What are Commercial Mortgages
Simply put, commercial mortgages are loans taken out by businesses. These loans can be used for 3 main purposes. Firstly, you want to buy business premises or set up a business. Secondly, if you want to buy an already existing business. And finally, if you want to raise capital on a business you already own.
When compared to unsecured business loans, which are often capped at £25,000, commercial mortgages often offer much larger amounts. This is because they are secured, either against a property you already own, or the property you’re purchasing. In some cases they can be secured against the value of the business, its stock or its assets.
Typically, commercial mortgage terms are around 15 to 25 years. However, they can be as short as 3 years, and stretch all the way up to 40 years. Over the course of the term it is also possible to get the mortgage on either a repayment or interest only offer.
Types of commercial mortgages
There are three main types of commercial mortgages.
- The first is an owner-occupied mortgage. This is when a business is buying a property for them to trade out of.
- The second kind is a commercial investment mortgage. This mortgage is when a business is buying a property as an investment opportunity. An example of this is buying the property to then let it out to a third party, which would be seen as a commercial investment property.
- The third is semi commercial – where the property has both a commercial and a residential element
There is almost an infinite number of permutations of property types, business types and borrower types. Once you factor in affordability, credit profile, experience, age and other similar factors, it’s easy to see why help from an expert who knows the market is so important.
With residential mortgages , lenders tend to look at facts. Commercial mortgage are different and lenders also look at the borrowers back story and future plans. Do they like your business model and are they willing to support you. The skill of a commercial mortgage brokers is not just knowing which lenders. It’s also important to know how to best present your application.
Are you eligible
Your ability to get a commercial mortgage will primarily be affected by the businesses ability to keep up with repayments. So not only do you have to be confident that your business can do this, but you have to prove it to lenders. This will include presenting a viable business plan to the lenders, as well as valuations on the property.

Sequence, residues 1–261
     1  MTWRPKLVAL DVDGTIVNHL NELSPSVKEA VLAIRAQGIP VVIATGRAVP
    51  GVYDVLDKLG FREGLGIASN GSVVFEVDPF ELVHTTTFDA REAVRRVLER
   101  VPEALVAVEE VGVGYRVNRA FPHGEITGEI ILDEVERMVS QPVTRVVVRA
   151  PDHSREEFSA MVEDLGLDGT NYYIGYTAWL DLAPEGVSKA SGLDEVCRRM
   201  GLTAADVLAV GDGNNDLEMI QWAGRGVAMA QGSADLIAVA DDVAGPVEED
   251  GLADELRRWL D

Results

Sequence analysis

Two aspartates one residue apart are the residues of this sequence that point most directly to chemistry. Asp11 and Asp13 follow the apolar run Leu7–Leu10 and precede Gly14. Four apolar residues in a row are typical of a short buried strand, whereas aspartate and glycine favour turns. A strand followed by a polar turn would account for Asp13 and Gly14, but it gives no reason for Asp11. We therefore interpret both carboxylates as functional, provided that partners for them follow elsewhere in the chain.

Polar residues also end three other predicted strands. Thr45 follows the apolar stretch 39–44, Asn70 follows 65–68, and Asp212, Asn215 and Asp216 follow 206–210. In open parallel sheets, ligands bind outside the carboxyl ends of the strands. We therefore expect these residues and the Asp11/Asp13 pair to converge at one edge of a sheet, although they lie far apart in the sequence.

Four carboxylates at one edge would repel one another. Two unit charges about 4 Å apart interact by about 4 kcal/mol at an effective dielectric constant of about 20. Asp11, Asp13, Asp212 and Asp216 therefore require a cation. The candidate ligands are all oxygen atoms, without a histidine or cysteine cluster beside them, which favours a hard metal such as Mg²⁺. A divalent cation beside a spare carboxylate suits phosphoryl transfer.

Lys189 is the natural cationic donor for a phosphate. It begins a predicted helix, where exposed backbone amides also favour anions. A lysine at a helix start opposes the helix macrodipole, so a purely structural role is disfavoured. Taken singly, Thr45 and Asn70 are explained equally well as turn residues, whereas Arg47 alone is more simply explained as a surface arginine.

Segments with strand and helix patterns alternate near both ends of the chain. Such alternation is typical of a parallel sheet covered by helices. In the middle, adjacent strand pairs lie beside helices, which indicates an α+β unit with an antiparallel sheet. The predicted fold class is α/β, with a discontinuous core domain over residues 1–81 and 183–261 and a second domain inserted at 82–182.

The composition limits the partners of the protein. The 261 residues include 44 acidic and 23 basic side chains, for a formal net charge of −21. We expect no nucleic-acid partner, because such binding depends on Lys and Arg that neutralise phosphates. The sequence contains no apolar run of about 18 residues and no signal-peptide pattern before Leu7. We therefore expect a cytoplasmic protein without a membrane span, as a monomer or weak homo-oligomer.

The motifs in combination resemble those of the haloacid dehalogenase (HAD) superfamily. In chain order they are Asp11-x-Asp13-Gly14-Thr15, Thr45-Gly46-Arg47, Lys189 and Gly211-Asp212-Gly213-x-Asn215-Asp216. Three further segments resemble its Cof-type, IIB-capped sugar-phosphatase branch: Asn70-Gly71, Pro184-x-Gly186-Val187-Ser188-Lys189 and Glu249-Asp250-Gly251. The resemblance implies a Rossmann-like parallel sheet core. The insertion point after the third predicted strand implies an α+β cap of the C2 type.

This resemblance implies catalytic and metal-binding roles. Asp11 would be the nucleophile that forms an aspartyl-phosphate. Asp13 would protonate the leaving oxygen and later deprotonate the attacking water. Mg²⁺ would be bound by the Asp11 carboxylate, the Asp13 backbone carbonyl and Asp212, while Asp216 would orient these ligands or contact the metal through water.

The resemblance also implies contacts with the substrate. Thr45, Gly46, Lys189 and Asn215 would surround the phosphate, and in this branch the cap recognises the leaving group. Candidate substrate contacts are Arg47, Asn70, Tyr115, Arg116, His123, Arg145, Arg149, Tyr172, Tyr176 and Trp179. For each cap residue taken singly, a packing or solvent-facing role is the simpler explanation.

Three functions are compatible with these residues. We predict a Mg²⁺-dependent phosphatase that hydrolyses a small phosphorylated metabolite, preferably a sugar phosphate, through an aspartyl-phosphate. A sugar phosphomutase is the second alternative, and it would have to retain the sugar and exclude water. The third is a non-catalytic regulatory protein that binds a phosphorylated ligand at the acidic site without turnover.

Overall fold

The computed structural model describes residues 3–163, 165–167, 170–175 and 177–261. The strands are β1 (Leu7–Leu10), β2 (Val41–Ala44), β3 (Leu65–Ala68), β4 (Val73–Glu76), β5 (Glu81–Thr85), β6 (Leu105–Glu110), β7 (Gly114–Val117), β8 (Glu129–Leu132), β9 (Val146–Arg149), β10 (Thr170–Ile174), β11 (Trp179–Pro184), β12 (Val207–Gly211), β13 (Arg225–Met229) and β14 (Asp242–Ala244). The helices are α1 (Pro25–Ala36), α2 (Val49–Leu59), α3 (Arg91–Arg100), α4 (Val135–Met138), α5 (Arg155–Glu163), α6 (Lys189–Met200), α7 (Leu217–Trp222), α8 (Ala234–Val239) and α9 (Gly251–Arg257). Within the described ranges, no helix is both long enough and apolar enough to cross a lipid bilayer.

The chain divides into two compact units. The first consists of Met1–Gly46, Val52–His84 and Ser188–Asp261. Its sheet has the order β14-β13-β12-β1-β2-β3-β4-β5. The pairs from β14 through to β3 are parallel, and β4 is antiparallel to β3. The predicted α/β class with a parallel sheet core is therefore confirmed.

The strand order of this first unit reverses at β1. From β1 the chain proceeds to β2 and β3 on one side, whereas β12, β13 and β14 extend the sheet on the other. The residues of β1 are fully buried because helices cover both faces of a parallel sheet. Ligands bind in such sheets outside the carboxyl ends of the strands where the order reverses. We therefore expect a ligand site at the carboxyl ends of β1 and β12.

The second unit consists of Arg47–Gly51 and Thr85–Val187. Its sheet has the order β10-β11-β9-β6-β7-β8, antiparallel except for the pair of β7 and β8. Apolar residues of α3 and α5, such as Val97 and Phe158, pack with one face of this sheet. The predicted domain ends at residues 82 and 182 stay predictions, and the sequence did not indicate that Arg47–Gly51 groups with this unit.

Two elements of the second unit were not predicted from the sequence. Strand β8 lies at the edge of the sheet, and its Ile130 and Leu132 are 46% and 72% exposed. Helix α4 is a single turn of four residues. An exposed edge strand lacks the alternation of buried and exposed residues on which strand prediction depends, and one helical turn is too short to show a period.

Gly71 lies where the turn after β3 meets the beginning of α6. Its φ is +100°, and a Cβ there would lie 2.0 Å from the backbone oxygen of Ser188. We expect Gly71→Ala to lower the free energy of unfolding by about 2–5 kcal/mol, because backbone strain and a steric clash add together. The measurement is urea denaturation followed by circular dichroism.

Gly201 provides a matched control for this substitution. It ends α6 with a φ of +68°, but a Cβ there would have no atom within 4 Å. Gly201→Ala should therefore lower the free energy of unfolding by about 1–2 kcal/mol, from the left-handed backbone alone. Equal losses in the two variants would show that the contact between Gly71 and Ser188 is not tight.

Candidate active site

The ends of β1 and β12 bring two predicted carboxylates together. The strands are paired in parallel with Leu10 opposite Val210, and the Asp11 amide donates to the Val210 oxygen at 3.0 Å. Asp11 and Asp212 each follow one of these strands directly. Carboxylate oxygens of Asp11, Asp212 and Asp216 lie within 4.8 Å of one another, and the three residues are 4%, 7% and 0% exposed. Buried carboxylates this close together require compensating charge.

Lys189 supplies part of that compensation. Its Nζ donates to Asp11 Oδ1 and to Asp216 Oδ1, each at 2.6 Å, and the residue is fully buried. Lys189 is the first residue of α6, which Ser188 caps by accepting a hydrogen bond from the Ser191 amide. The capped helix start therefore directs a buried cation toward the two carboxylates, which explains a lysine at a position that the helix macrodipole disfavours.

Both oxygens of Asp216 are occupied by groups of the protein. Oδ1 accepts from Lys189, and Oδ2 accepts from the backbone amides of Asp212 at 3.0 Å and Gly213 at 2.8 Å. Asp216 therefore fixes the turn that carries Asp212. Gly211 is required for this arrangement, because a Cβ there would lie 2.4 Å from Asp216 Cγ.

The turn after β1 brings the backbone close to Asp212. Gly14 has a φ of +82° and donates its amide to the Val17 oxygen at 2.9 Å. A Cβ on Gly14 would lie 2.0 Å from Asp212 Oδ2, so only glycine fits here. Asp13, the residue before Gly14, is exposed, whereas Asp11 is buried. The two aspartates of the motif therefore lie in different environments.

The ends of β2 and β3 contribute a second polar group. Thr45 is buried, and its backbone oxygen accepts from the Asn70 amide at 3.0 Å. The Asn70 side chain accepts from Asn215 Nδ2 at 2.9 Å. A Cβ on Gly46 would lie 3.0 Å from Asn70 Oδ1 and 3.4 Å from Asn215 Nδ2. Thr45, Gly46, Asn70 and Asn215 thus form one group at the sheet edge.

As well as this, there are all the standard criteria that lenders expect you to fulfill. These can include credit history, though while most lenders prefer clean credit, there are lenders willing to consider poor credit loans.
Another key aspect lenders look for is suitable security for the loan. In most cases the property the money is being borrowed for will be sufficient, but sometimes lenders require more security alongside.
With owner-occupied mortgages, lenders normally require at least 2 years of proof of income. While there are lenders willing to work around this, rates could be less favourable.
Generally, it shouldn’t be too hard to find a lender willing to offer commercial mortgages provided you can demonstrate you can afford the repayments and are not trying to borrow at a high loan to value. However, finding the best rates for your circumstances can be much more difficult. If you are not sure how best to progress, get in touch with an adviser who can help find the best deal for you.
Different types of lenders
Tier 1 lenders
These tend to be the high street lenders and main banks. They normally offer lower rates and charges. Their criteria is more strict and they will require you to evidence a higher disposable income that other lenders.
They look for stability, don’t like a poor credit history and can be fussy about the type of business or property involved.
We always start by considering the tier 1 lenders and can quickly work out if your business or property is likely to be of interest to them.
Tier 2 lenders
These lenders are more flexible when considering affordability, credit and property type. In fact nearly every aspect of the application is more relaxed and they are more likely to offer interest only facilities to help keep the repayments low.
However they are accepting a higher risk profile thanthe Tier 1 lenders and consequently their rates are likely to be higher by 1% to 2%.